Leadership development: Keeping it in the family

May 20, 2015 by Wally Bock

I did supervisory training for newly promoted police sergeants for decades. Every three day program included at least two panels of experienced sergeants with street cred. They were always among the favorite parts of the program.

It makes sense. Sure I was an “expert,” but I could never have the credibility that a highly esteemed working sergeant had. In time I learned to use that to make the entire program better. I thought about that “street cred” issue when I read an Economist article titled: “Keeping it on the company campus.” Here’s the money quote.

“Firms looking to put their managers through development programmes are increasingly creating their own, rather than relying on business schools, consulting firms and the like. Companies are not only spending more of their training budgets in-house but are setting up their own ‘corporate universities’.”

Leadership development classes should be taught by real leaders

Experts are fine, but they are always at least arms-length from the real world of the people in your leadership development program. Sure, we can provide perspective and a look at leadership issues across organizations, but for the really gritty, everyday how-tos, I’ll take an insider practitioner every time. You may not be ready for some kind of formal “corporate university,” but you can improve your leadership development by using more insider experts.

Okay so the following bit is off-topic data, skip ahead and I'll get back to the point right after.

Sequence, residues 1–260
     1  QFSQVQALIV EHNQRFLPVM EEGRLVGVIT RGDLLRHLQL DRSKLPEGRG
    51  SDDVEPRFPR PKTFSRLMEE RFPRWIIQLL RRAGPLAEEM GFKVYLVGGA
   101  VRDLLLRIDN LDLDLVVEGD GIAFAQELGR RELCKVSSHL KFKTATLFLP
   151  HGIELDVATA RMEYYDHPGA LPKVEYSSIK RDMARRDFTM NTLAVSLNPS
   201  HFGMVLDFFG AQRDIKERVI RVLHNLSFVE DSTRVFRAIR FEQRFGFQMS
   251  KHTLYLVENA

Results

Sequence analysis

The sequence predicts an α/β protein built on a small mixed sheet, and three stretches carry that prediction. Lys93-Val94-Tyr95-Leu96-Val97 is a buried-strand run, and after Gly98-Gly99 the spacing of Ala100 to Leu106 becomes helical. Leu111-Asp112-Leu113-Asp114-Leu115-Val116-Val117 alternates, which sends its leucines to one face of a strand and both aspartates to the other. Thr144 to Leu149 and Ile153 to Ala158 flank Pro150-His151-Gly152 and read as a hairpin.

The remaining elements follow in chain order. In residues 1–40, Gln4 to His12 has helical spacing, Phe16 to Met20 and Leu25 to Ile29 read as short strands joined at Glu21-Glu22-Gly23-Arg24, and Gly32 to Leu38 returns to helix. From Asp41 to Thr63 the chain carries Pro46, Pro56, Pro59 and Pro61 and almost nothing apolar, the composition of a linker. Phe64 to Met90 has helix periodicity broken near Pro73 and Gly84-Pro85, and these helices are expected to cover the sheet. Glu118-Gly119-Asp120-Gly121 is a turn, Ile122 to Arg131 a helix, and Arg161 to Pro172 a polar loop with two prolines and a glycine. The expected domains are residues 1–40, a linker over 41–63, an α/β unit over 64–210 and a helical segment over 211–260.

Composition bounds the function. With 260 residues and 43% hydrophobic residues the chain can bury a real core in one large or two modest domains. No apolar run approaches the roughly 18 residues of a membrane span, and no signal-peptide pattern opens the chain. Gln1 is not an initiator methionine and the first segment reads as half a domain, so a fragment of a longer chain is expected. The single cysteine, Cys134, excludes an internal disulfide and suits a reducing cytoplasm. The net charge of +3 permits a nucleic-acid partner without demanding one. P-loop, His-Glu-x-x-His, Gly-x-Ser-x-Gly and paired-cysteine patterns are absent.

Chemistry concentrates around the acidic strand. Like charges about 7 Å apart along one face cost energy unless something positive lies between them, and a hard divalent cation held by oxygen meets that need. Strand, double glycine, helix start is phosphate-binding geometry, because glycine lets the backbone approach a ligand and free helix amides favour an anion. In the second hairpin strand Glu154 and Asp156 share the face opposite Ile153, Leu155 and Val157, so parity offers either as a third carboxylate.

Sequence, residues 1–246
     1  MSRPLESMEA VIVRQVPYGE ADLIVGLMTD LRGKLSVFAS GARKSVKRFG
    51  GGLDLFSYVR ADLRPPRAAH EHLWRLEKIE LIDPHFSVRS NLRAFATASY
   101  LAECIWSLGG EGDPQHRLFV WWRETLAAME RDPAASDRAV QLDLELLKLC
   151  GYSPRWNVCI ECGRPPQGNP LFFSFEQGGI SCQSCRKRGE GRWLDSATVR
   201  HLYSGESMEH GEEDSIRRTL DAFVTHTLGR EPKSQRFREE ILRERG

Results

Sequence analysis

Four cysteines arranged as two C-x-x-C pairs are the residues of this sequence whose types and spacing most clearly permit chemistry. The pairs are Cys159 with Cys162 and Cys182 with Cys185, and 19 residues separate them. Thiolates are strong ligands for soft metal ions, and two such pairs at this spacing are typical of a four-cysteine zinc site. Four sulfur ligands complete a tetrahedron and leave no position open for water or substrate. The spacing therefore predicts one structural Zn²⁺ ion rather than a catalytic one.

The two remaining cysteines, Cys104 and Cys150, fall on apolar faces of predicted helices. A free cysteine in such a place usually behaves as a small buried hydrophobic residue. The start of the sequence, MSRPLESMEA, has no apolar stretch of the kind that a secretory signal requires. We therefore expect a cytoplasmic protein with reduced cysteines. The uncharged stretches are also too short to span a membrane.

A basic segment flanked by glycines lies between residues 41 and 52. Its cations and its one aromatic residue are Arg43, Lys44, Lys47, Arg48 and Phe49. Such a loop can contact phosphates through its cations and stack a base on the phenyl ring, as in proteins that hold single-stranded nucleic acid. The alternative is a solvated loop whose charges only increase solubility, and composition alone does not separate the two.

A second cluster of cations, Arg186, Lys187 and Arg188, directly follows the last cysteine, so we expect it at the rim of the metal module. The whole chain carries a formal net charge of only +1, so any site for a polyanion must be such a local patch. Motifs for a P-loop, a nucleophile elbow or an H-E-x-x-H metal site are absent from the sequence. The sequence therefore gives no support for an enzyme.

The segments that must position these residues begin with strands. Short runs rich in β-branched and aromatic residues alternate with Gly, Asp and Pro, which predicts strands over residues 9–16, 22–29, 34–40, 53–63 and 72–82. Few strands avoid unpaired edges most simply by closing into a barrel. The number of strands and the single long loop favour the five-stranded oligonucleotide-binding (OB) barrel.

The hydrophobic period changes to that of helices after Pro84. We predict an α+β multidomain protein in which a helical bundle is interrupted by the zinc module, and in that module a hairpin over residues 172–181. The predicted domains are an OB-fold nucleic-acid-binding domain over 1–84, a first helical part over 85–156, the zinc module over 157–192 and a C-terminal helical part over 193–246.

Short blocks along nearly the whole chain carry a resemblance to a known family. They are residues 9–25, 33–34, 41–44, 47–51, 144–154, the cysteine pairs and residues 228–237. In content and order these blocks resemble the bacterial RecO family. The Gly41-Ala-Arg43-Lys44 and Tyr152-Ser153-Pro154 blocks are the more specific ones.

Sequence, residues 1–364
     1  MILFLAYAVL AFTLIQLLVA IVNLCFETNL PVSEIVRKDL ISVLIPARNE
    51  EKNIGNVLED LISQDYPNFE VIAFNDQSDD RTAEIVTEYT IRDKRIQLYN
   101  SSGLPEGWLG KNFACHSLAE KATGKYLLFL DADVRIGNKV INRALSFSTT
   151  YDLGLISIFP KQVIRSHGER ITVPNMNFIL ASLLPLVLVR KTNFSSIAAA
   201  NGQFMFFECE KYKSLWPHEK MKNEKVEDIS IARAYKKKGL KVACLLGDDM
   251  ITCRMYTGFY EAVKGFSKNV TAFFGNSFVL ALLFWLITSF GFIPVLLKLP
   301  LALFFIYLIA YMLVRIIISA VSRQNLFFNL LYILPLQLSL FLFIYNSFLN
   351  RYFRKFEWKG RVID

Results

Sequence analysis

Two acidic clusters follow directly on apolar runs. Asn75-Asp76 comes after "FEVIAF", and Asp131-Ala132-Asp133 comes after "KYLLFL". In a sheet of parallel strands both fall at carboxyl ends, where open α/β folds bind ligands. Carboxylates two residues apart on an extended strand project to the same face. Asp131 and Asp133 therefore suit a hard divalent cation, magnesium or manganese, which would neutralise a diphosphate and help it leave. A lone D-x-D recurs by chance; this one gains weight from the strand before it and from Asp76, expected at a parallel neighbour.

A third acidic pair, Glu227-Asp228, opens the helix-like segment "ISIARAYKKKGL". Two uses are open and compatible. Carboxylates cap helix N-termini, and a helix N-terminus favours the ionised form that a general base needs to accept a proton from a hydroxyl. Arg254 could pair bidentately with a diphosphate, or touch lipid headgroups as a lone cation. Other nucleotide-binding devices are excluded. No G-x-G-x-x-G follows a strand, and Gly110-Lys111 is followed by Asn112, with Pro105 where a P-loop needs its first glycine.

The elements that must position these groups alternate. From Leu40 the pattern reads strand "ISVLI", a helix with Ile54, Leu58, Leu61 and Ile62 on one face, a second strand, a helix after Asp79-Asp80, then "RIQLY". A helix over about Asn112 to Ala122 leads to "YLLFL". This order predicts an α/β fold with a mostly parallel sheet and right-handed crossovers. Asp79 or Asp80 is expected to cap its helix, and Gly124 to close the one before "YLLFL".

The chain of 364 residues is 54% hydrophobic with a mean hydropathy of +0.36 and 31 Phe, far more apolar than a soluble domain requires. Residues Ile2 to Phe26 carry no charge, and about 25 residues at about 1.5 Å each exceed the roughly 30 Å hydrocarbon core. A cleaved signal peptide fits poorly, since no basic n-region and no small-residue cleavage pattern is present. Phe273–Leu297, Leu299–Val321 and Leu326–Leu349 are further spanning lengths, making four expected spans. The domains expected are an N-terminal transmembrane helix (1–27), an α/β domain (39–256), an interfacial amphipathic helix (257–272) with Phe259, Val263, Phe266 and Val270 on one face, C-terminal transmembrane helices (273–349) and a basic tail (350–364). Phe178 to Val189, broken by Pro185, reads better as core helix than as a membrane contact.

Leadership development domains of excellence

In 2006, the Harvard Business Review published a classic article by Boris Groysberg, Andrew N. McLean, and Nitin Nohria titled “Are leaders portable?” The authors identified four kinds of “human capital,” that I think of as domains of leadership excellence.

Strategic human capital grows through developmental assignments. Relationship human capital develops in the workflow. Even so, sessions on those domains taught by expert practitioners can accelerate the process.

But the really big benefits come in the domains of Industry human capital and Company-specific human capital. That’s where you can leverage the knowledge, skill, and reputations of your top performers. No outside expert can match what they bring to the classroom.

Wally Bock is a coach, a writer and President of Three Star Leadership.

Posted in Leadership Development

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